A Beginners Guide To Ayurveda

Ayurveda was founded in India over 5,000 years ago, serving as a healing system working with preventive measures, and curative medicine. The word Ayurveda directly translates to “the science of life”, promoting a healthy way of life encouraging svadhyaya (self-study), and dinacharya (habitual self-care routine). Although Ayurveda is one of the oldest health systems, its teaching is still applicable to the world today. Ayurveda practices still rain on in India, as well as other parts of the world.

Like Western Medicine, there are Ayurvedic medical schools providing physicians in internal medicine, surgery, gynecology, pediatrics, toxicology & gerontology. What sets Ayurvedic practitioners apart from traditional medicine practitioners is that Ayurvedic practitioners treat the fire not the smoke. Ayurveda emphasizes the importance of a harmonious being in terms of mind and body.

What Are The Doshas?

Within Ayurveda, there are 3 separate Doshas- Vata, Pitta, and Kapha. These 3 life forces are derived from the five elements (Ether, Air, Earth, Water, and Fire), and every living thing contains a unique hybrid of the Dosha’s presented in their internal and external self. Vata translates to “that which moves things”, and is a combination of Ether and Air, Pitta is fierce by nature and made up of fire and water, and Kapha when in balance is grounded and is cultivated by water and earth.

Within different seasons, years, and points in your life, your combination of the Dosha’s will change, as well as the balance of them. Ayurvedic science bestows the framework for a congruous external existence, in addition to a fruitful inner balance. Knowing what your Dosha is can benefit several aspects of your life including your mind+body+skin!


Vata is a combination of Air+Ethert. Vata's characteristics are mobility, dryness, subtlety, and lightness. It truly is the dosha of movement, and its main functions are providing sensation, igniting change, creativity, and expansiveness.

If you lean towards a Vata constitution you may have these physical attributes: thin, rough hair, cool, dry skin, brittle nails, delicate joints, long and narrow build.

your mind may: be creative, quick to learn, sensitive, prone to anxiety, quick to feel and express emotion, indecisive, and be adaptive to change.

when you are out of balance, Vata: lack concentration, have a hard time sleeping, are extra sensitive, are restless and tense, have constipation or gas, crave sweet, salty or sour foods, have stiff or painful joints, and have low immunity.


Pitta is the hot FIRE and water of life. Its characteristics are heat, sharpness, and fluidity. Pitta is the source of productivity and provides your inner heat. Pitta is responsible for digestion, producing blood, and supporting sight and intelligence.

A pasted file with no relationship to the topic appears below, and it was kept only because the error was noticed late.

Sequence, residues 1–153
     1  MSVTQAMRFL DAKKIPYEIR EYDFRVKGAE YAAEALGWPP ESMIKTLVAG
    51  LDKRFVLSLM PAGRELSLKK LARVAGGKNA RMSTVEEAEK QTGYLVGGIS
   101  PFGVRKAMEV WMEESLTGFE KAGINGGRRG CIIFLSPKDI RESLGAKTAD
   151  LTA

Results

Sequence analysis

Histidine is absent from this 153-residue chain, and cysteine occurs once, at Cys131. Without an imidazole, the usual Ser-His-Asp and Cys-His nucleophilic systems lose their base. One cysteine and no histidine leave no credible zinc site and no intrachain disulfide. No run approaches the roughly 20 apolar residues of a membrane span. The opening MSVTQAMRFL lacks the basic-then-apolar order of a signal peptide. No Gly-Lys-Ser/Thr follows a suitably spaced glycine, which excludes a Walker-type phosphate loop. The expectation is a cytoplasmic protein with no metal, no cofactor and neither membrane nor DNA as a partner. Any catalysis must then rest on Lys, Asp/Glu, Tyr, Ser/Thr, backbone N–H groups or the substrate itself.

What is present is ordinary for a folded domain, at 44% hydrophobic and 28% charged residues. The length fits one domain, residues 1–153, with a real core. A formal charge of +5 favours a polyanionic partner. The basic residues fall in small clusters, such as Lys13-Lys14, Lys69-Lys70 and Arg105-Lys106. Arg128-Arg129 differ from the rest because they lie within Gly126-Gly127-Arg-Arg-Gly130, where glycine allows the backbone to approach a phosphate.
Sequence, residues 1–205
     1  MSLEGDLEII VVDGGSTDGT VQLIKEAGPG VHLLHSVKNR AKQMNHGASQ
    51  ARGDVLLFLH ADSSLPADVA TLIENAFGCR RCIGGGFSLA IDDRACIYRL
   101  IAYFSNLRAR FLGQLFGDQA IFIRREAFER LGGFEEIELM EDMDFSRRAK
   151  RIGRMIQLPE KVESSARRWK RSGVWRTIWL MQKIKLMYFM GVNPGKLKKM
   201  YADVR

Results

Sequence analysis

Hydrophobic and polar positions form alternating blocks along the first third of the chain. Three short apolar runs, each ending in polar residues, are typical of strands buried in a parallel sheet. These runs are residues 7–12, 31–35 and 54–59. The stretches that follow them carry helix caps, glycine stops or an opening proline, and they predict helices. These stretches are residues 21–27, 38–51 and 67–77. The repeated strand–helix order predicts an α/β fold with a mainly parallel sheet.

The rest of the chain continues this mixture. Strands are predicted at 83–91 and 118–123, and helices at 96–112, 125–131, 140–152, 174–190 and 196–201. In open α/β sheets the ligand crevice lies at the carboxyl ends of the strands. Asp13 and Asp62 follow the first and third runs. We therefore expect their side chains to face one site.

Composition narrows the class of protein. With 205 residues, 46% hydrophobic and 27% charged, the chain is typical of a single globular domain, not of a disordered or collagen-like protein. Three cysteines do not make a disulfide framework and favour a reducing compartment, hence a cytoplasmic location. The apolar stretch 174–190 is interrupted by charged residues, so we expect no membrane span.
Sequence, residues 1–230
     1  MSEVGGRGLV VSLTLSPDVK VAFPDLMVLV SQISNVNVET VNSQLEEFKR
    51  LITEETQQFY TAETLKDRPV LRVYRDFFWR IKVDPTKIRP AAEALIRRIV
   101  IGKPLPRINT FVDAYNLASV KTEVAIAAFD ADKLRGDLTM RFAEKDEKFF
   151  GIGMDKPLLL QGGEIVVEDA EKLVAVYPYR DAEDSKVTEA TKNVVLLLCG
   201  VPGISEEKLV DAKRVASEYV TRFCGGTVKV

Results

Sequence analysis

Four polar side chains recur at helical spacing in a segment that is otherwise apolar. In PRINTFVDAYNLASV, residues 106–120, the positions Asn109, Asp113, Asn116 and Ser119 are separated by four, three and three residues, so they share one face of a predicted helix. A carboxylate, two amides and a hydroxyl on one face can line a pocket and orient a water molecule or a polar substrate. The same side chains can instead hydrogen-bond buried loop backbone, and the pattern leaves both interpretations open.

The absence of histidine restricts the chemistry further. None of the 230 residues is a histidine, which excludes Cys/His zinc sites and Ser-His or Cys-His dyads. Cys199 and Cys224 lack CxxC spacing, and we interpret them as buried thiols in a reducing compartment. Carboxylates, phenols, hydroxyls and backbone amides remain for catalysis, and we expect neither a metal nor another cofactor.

If you tend to lean towards a pitta constitution you may have these physical attributes: fine, oily hair, prone to acne, rosacea and sensitive skin, strong, compact build, sweats easily, high metabolism, enjoys the cold.

Your mind may: be sharp and intelligent, quick, clear thinking, goal-oriented, structured, driven and competitive, hot-headed or argumentative, prone to anger.

When you are out of balance, pittas: are irritated, prone to judgment, overly competitive, feel burning sensations, frequently flushed, excessively thirsty, prone to sweating, crave sweet and cold foods, and may have heartburn.


Kapha represents the earth element.It is defined by heaviness, stability, and smoothness. Kapha gives the body strength and roots the mind. Kapha is responsible for keeping the body strong and lubricated as well as providing taste.

If you lean towards a Kapha constitution you may have these physical attributes: oily, often curly hair, round features, prone to weight gain, moist, thick skin, thick, strong nails, strong muscles and joints, slow metabolism.

Your mind may: have an excellent memory, a bit of a planner, good-natured, slow to change, patient, generous, calm, slow to learn, deliberate in reacting, prone to depression.

When you are out of balance, Kapha's: lack drive, prone to attachment, excessively cold, loss of appetite, reduced sensory experience, prone to weight gain, feel heavy, feel lethargic, have difficulty becoming active, and may have colds are coughs with lots of mucus.

How To Apply Ayurveda To Your Life

There is such profound truth and wisdom in Ayurveda, and it truly is a tool that can positively reshape your life. Understanding who you are at an elemental nature is your birthright, so tap into the divine essence of who you are!

Begin by taking a quiz, I recommend this one

  • Follow a daily routine. different doshas dominate different parts of the day, so having a routine that flows with the doshas can keep you feeling calm and productive.

  • Food as your medcine. so much importance is placed on the food you eat. look more into the pacifying foods for your constitution, and see if it feels intuitive for you.

  • Cleanse.. the ayurvedic way. cleanliness is a very important part of an ayurvedic lifestyle. beyond the typical shower, brushing teeth, and eliminating, you may want to consider using a neti pot or tongue scraper, performing Nasya or oil pulling, or giving yourself an oil massage.

  • Align with your constitution. once you find your constitution, try implementing small steps to help pacify any imbalances. I’ve left some great resources below to learn more about diet changes, panchakarma, daily rituals, massages, yoga, fasting, pranayama, and much more.

  • Tap into what works for you. just like astrology or crystals or mantras or spiritual Instagrammers, not everything resonates with everyone, and Ayurveda just may not resonate with you. and that’s okay! find what works for you.

31 views0 comments

Recent Posts

See All